What were the sources of inspiration for the celebrated painter and sculptor Pablo Picasso? Was his relationship with the arts of Africa, Oceania, the Americas, and Asia characterized by dread, admiration, or respect? What was his perception of these “foreign” arts? These are the questions addressed by the Picasso Primitif exhibition, on view from March 28–July 23, 2017, in the Garden Gallery of the Musée du Quai Branly – Jacques Chirac. Organized in collaboration with the Musée national Picasso–Paris, it explores the complex connections that the artist had with non-Western arts. The exhibition takes two complementary approaches, one historical and the other more conceptual. The fi rst includes the representation of a multitude of documents, catalogs, photographs, letters, and objects that attest to the many contacts between Picasso and “primitive” art that took place throughout his life. The second section, which occupies more of the gallery space, consists of a dialog between Picasso’s works and those of non-European artists. It has three sections: “Archaisms,” “Metamorphoses,” and “That.” Within these, the term “primitive” does not refer to a lower–developed state but rather to access to the most intimate and essential qualities of being human. This concept sheds hitherto unseen light on Picasso’s work.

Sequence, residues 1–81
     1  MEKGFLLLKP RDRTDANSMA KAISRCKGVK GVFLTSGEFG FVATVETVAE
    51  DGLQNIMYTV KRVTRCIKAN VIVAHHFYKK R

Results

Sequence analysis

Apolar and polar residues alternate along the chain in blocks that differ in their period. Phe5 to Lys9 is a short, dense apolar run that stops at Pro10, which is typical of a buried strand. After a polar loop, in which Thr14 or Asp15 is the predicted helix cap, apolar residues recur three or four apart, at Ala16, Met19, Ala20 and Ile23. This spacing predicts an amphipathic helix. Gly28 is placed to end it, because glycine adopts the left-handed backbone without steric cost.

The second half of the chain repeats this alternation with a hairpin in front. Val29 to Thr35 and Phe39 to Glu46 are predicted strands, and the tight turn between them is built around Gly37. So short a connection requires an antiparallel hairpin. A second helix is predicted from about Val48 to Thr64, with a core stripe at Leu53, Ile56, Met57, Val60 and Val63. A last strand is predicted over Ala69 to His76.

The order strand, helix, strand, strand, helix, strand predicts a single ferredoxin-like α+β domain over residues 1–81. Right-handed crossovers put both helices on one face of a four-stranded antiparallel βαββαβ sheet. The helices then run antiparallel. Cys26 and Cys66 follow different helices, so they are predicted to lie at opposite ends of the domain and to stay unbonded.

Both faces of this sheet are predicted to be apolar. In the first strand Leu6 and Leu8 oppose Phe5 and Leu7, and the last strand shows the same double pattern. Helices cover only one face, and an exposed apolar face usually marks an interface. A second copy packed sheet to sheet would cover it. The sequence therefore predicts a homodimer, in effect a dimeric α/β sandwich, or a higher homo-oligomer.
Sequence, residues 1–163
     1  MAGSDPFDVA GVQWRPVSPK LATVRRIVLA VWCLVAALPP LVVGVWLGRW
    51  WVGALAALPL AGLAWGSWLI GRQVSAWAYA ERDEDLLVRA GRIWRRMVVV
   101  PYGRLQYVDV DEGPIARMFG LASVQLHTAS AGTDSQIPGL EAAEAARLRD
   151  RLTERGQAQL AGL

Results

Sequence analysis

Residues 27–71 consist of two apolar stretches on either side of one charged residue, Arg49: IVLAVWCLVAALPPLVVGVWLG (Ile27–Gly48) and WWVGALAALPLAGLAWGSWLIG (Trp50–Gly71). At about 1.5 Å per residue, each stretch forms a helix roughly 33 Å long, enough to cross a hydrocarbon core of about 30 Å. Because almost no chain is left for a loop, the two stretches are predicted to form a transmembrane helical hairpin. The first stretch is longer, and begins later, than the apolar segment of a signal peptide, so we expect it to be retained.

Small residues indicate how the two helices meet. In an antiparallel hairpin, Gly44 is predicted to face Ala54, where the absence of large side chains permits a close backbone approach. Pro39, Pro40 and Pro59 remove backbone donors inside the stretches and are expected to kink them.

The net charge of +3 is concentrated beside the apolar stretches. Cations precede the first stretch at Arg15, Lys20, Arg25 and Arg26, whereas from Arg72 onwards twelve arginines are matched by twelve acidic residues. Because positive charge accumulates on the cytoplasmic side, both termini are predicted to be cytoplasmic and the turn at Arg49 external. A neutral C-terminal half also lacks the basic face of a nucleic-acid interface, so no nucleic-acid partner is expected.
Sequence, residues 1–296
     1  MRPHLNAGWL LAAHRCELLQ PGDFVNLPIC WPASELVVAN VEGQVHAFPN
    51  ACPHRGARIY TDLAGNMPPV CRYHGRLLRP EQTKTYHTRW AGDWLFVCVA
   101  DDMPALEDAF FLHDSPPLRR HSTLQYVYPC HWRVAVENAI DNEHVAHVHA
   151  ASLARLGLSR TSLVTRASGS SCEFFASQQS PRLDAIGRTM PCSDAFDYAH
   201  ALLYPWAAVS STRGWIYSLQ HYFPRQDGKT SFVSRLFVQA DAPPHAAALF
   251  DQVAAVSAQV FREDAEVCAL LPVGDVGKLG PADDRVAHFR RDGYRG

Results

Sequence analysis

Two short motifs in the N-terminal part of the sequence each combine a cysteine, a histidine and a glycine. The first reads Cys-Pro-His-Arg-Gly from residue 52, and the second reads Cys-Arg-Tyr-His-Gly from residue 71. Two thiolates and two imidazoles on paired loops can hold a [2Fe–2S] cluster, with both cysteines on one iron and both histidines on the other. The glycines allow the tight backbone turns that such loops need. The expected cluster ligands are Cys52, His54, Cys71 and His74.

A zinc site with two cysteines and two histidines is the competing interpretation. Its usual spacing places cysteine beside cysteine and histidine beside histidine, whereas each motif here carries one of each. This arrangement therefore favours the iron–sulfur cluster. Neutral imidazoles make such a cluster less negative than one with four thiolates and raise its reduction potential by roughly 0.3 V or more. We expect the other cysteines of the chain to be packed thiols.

Tinker tailor: WW1 military collections from German New Guinea
Tinker tailor investigates the collections of five Australian soldiers who were part of the Australian administration in German New Guinea during World War 1. While in New Guinea these soldiers were intrigued by the local culture and acquired a number of New Guinea artefacts that later found their way into the collections of the South Australian Museum. Highlights of these collections will be displayed in the Pacific Cultures Gallery to acknowledge the connection between the Museum’s collections and World War 1 during the Great War’s 100th anniversary.